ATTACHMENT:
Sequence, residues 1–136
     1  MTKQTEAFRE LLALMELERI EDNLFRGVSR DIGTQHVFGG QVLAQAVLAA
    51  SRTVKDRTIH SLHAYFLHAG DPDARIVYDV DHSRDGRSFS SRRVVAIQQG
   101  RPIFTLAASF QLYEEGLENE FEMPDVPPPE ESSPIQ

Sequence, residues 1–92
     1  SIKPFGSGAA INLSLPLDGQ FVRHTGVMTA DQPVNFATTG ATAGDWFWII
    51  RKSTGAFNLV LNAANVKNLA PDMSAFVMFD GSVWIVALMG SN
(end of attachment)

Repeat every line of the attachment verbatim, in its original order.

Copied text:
Sequence, residues 1–136
     1  MTKQTEAFRE LLALMELERI EDNLFRGVSR DIGTQHVFGG QVLAQAVLAA
    51  SRTVKDRTIH SLHAYFLHAG DPDARIVYDV DHSRDGRSFS SRRVVAIQQG
   101  RPIFTLAASF QLYEEGLENE FEMPDVPPPE ESSPIQ

Sequence, residues 1–92
     1  SIKPFGSGAA INLSLPLDGQ FVRHTGVMTA DQPVNFATTG ATAGDWFWII
    51  RKSTGAFNLV LNAANVKNLA PDMSAFVMFD GSVWIVALMG SN